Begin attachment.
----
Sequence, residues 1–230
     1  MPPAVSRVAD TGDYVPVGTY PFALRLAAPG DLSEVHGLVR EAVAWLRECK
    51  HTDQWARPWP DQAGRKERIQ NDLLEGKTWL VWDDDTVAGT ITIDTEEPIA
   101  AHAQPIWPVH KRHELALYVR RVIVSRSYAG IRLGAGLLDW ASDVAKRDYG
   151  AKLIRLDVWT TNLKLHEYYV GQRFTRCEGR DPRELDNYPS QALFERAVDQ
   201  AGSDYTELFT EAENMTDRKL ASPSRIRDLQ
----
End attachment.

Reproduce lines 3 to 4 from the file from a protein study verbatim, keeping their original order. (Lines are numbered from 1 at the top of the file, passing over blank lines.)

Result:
    51  HTDQWARPWP DQAGRKERIQ NDLLEGKTWL VWDDDTVAGT ITIDTEEPIA
   101  AHAQPIWPVH KRHELALYVR RVIVSRSYAG IRLGAGLLDW ASDVAKRDYG